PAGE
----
Medgar is beset by a massive Mountaintop Removal operation that is blowing up the hills and back filling the hollows. Kevin’s grandfather and others in town attempt to rally the citizens against the ‘company’ and its powerful owner to stop the plunder of their mountain heritage. When Buzzy witnesses the brutal murder of the opposition leader, a sequence is set in play which tests Buzzy and Kevin to their absolute limits in an epic struggle for survival in the Kentucky mountains.

Redemptive and emotionally resonant, The Secret Wisdom of the Earth is narrated by an adult Kevin looking back on the summer when he sloughed the coverings of a boy and took his first faltering steps as a man among a rich cast of characters and an ambitious effort to reclaim a once great community.

4. See How Small by Scott Blackwood

A riveting novel about the aftermath of a brutal murder of three teenage girls, written in incantatory prose “that’s as fine as any being written by an American author today.” (Ben Fountain)

One late autumn evening in a Texas town, two strangers walk into an ice cream shop shortly before closing time. They bind up the three teenage girls who are working the counter, set fire to the shop, and disappear. SEE HOW SMALL tells the stories of the survivors–family, witnesses, and suspects–who must endure in the wake of atrocity. Justice remains elusive in their world, human connection tenuous.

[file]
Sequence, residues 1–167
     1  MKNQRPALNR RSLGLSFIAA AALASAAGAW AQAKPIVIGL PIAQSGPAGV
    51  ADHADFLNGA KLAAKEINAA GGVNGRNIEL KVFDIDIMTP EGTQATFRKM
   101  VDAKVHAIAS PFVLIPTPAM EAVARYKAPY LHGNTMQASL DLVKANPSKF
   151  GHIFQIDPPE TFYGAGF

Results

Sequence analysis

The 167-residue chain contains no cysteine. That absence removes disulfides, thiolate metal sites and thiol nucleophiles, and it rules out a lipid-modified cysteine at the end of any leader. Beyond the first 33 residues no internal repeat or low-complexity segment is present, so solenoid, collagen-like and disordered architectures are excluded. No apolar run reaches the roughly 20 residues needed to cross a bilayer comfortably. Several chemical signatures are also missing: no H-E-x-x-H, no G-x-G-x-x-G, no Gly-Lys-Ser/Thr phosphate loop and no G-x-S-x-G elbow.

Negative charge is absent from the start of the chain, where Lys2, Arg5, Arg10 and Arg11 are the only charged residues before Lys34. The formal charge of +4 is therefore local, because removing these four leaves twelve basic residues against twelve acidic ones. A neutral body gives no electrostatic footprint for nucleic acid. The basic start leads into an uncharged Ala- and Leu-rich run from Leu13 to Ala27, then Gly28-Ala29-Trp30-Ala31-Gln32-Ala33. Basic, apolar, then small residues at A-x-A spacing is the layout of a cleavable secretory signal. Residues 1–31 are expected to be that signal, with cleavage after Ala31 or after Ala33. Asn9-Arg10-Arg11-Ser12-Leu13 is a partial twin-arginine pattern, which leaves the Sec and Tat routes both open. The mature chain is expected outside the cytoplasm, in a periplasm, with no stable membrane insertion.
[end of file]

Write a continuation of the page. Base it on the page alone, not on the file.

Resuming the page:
Hovering above the aftermath of their deaths are the three girls. They watch over the town and make occasional visitations, trying to connect with and prod to life those they left behind. “See how small a thing it is that keeps us apart,” they say. A master of compression and lyrical precision, Scott Blackwood has surpassed himself with this haunting, beautiful, and enormously powerful new novel.

5. West of Sunset by Stewart O’Nan

A “rich, sometimes heartbreaking” (Dennis Lehane) novel of F. Scott Fitzgerald’s last years in Hollywood

In 1937, F. Scott Fitzgerald was a troubled, uncertain man whose literary success was long over. In poor health, with his wife consigned to a mental asylum and his finances in ruins, he struggled to make a new start as a screenwriter in Hollywood. By December 1940, he would be dead of a heart attack.

Those last three years of Fitzgerald’s life, often obscured by the legend of his earlier Jazz Age glamour, are the focus of Stewart O’Nan’s gorgeously and gracefully written novel. With flashbacks to key moments from Fitzgerald’s past, the story follows him as he arrives on the MGM lot, falls in love with brassy gossip columnist Sheilah Graham, begins work on The Last Tycoon, and tries to maintain a semblance of family life with the absent Zelda and daughter, Scottie.

Fitzgerald’s orbit of literary fame and the Golden Age of Hollywood is brought vividly to life through the novel’s romantic cast of characters, from Dorothy Parker and Ernest Hemingway to Humphrey Bogart. A sympathetic and deeply personal portrait of a flawed man who never gave up in the end, even as his every wish and hope seemed thwarted, West of Sunset confirms O’Nan as “possibly our best working novelist” (Salon).

6. Sweetland by Michael Crummey